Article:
Discontent over immigration and the economy fuel Trump’s

 is sailing into battle against President Joe Biden powered by anger over the two policy issues that have driven his comeback campaign so far: immigration and the economy.
Trump came close to sweeping the board in the 16 “Super Tuesday” Republican primary races, putting him on the verge of clinching the party’s nomination and allowing him to train his full fire on Biden ahead of the November election.
Trump has tapped into a current of dissatisfaction about the state of the country that he has amplified at every opportunity. It is one that could tip the scales in the rematch with Biden, who beat him in 2020.
Republican voters who went to the polls on Tuesday exhibited a deep pessimism about the economy that extends beyond Trump’s loyal base of supporters to many moderate and swing voters that could help determine the election, according to exit polls conducted by Edison Research.
Voters also said they are increasingly alarmed by the situation at the U.S. border with Mexico, with many calling it their top voting issue even while living hundreds or even thousands of miles away.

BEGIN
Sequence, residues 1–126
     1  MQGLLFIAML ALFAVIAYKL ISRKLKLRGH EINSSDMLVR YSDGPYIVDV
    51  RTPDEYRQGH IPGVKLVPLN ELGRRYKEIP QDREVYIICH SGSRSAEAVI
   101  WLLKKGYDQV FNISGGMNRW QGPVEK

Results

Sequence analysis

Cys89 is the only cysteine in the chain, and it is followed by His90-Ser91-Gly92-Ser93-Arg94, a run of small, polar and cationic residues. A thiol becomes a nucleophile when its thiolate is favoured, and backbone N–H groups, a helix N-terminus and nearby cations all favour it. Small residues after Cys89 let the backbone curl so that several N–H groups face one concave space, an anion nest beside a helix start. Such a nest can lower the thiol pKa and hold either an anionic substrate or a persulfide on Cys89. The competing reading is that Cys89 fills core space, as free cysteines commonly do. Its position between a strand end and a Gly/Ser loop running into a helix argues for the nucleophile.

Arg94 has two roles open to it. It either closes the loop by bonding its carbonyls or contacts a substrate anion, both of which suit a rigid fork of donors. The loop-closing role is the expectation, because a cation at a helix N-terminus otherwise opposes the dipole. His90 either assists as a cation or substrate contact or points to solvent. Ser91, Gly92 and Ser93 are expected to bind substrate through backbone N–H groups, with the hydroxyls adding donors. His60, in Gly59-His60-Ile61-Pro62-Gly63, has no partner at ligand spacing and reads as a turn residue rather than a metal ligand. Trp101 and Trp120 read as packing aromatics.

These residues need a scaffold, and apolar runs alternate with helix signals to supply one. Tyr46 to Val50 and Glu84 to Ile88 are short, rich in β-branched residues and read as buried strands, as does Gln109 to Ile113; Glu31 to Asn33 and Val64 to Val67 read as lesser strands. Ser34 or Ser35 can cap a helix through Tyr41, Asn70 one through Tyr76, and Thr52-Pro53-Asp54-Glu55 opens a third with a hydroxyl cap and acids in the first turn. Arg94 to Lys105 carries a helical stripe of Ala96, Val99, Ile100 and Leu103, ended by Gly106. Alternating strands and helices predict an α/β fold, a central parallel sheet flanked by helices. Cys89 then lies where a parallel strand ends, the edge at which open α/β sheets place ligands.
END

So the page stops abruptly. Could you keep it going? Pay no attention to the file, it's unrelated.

“There is widespread dissatisfaction with Biden and the way things are going in the county today,” said Mark Baldassare, statewide survey director at the nonpartisan Public Policy Institute of California. “The focus on immigration and economy is what caught my attention the most.”
In early 2023, Trump appeared to be in serious danger of losing the Republican primary race, but he has since swept away all of his party rivals. Only Nikki Haley was still barely clinging on in the party’s race for Super Tuesday and Trump is now set to seal the nomination in upcoming votes over the next two weeks.
Still, Biden had a good day, too. He racked up hundreds of delegates as he cruises toward the Democratic nomination and he can take heart in Trump continuing to show weakness with some key voting segments, including college-educated voters and moderates that both sides may need to win.
By virtually wrapping up his party’s nomination in early March, far ahead of when he did it for the first time in 2016, Trump has eight months to engage directly with Biden.
He has also seen a spate of relatively positive news on the legal front. It now appears more and more likely that the criminal trials he faces over his role in subverting the 2020 election could be delayed until after the election.

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